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Nature Recovery for communities

Nature Recovery for communities

Overview

National Parks sit at the heart of the nation’s nature recovery network; they are places where wildlife flourishes, habitats are maintained, restored, and expanded, and where everyone can experience nature and wildlife at their best.  They will form the backbone of nature recovery.

The National Parks are working together to deliver a collective response to the nature crisis, and as a National Park with our communities at its heart, you can play a key role in helping to deliver on nature recovery and making the National Park a better place for nature as well as a better place to live, work and visit.

While it is important that we focus on the right habitats in the right places, importantly, nature recovery can happen anywhere, at any scale and everyone can help make it happen and turn the tide for nature. We want to enhance and expand our most important designated wildlife sites but also make space for a nature friendly approach everywhere.  This initiative is not just about the rare but nature everywhere, for everone.

The South Downs National Park Authority will support nature recovery at all levels, offering advice and helping to facilitate action.

Helping nature to recover can also have wider benefits, helping to mitigate the effects of climate change, flood alleviation, improvements to soil and water quality and benefits to our health and wellbeing.

Quick step guide to Nature Recovery

The South Downs People and Nature Network (PANN) aims to protect, enhance and create a network of green and blue spaces, which sustainably meet the needs of local communities, support natural ecosystem services and respects the special qualities of protected landscapes by proposing the strategic principles for the planning, delivery and management of natural capital assets in the area.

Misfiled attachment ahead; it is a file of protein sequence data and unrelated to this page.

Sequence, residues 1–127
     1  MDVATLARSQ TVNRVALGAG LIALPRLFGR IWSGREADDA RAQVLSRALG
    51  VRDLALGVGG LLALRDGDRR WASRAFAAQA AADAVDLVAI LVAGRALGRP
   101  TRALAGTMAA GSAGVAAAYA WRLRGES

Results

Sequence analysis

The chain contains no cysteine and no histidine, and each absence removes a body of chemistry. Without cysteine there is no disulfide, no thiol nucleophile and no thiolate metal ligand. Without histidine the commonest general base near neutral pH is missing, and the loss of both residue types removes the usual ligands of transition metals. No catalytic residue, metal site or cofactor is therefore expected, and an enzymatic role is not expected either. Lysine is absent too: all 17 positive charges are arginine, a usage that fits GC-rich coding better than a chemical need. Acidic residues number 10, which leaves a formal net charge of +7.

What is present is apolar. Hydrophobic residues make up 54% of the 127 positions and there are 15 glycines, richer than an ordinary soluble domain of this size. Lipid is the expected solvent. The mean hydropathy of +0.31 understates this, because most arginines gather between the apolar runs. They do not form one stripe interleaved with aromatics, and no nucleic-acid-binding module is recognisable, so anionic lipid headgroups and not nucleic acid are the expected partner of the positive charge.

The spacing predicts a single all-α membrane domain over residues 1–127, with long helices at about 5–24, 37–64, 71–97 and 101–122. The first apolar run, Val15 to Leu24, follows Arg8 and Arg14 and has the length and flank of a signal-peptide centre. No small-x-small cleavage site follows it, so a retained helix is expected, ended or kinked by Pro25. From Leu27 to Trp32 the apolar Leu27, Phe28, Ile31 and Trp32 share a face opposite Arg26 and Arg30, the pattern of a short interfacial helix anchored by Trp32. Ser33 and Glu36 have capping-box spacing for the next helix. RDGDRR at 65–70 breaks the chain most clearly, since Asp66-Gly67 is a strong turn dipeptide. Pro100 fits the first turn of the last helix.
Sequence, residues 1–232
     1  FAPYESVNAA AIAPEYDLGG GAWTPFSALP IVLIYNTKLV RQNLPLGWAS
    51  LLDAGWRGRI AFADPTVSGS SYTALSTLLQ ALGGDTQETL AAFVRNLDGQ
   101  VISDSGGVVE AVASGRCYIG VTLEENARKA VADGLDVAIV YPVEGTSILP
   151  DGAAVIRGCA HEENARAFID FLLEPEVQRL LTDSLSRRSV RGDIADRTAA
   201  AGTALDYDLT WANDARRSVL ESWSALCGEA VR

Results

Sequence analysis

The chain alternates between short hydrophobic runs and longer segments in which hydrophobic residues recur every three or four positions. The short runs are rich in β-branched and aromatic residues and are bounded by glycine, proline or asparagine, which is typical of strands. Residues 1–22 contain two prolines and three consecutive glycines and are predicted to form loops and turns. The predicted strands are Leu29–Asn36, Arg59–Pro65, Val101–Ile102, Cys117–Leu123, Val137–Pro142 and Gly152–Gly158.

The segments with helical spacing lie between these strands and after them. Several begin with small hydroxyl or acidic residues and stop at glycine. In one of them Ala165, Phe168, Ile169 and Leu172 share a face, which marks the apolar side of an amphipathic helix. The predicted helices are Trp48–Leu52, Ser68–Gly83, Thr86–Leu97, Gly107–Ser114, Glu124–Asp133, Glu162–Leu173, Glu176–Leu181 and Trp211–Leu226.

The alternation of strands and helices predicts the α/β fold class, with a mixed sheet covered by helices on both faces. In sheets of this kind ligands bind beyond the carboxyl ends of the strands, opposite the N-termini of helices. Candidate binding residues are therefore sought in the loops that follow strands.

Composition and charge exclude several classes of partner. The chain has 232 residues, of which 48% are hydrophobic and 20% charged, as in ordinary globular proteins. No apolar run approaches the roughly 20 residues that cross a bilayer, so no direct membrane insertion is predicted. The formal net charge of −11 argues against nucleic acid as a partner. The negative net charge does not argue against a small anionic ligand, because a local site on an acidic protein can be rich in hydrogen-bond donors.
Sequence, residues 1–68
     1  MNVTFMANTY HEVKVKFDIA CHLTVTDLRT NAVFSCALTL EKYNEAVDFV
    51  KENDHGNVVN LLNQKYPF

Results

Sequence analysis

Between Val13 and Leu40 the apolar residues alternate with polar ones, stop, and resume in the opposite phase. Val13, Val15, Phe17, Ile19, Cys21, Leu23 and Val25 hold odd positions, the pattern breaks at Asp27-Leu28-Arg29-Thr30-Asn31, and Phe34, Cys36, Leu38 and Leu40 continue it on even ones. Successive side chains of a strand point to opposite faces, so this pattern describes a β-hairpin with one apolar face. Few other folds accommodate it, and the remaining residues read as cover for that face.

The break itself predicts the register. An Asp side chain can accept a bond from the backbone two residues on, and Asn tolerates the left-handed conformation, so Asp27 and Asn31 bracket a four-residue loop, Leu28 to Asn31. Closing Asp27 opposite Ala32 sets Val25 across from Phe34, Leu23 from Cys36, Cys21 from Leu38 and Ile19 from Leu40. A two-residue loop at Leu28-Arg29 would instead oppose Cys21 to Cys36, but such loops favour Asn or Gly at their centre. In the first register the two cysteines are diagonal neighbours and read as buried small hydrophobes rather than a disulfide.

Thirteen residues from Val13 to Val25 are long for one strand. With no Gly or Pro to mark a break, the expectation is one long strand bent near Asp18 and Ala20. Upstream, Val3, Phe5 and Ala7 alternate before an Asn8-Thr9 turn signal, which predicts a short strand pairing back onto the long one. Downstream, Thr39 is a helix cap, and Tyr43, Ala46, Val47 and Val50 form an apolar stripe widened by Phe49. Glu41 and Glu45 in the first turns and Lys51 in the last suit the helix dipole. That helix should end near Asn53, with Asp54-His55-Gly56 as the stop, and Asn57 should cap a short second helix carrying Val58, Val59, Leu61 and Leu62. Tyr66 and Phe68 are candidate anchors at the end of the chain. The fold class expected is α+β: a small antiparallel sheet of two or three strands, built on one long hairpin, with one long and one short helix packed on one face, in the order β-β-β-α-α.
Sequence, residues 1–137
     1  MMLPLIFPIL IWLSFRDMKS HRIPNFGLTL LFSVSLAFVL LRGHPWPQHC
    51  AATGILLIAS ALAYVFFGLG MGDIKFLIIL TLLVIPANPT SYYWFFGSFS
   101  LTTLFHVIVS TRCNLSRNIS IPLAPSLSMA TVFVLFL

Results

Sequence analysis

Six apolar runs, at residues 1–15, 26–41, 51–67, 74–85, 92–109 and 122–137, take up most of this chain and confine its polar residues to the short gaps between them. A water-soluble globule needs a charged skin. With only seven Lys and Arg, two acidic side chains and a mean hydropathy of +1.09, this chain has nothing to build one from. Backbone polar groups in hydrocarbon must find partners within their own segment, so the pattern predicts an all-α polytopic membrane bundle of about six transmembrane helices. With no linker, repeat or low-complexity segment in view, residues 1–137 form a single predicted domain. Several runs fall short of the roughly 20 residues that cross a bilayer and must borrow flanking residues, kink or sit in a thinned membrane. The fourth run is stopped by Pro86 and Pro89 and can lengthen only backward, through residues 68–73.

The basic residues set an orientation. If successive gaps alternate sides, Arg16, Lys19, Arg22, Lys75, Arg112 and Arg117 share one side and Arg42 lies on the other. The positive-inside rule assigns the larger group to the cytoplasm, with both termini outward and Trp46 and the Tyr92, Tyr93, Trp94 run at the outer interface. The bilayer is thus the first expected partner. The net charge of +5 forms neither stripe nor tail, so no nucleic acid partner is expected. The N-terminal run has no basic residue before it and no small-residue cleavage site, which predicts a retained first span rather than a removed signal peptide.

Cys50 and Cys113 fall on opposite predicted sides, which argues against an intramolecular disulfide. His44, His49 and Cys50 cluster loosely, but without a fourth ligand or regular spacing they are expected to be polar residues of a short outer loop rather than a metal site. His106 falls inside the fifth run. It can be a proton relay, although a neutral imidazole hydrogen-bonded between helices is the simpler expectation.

The PANN identifies broad investment areas.  The nature recovery work will complement the PANN but also looks at the core areas for wildlife and wider opportunities for delivery for nature across the National Park and beyond.

What is in My Neighbourhood/Community?

The first stage in formulating a plan for nature is to understand what is already in your neighbourhood/community.  There are considerable resources available to assist with this:

  • If you have a local neighbourhood or parish plan this may already have some background information.
  • Free online resources include the NBN Atlas NBN Atlas – UK’s largest collection of biodiversity information and the Magic Map
  • More detailed local information can be obtained for a fee from your local biological records centre (Sussex Biodiversity Record centre or Hampshire Biological information centre )
  • Landscape character: It is important to understand the important features and habitats in your local landscape and there is a wealth of information in the South Downs Landscape character assessment here.
  • It is important to consider other potential constraints; these may include cultural heritage issues such as scheduled ancient monuments or important archaeological features. Another consideration will be current public access.  If unsure it is worth seeking advice from county archaeologists or the SDNP access team info@southdownsgov.uk

Planning for the Future

The best results for nature are achieved through having the right interventions in the right place; this might include trees, hedgerows, ponds and species rich grasslands.

A good starting point is to produce a simple habitat map for your parish, you can then plan where best to enhance these habitats and create the connections for a nature network.

The Map can also include smaller spaces, such as gardens, urban greenspace and even streets.  The Map does not need to be too complicated, just serve your needs. Try to capture key features and then build upon this for your future plans.

Your parish council will be able to obtain OS base mapping through their public sector mapping agreement to get OS maps direct free.

For Nature and Nature Friendly

Interventions for nature will focus on the principles set out by Sir John Lawton.  Bigger, better, more and joined up, ( Making Space for Nature: (nationalarchives.gov.uk) . This will mean improved management of existing habitats, expanding and connecting habitats and creation of new areas of priority habitats.  These are areas dedicated to nature.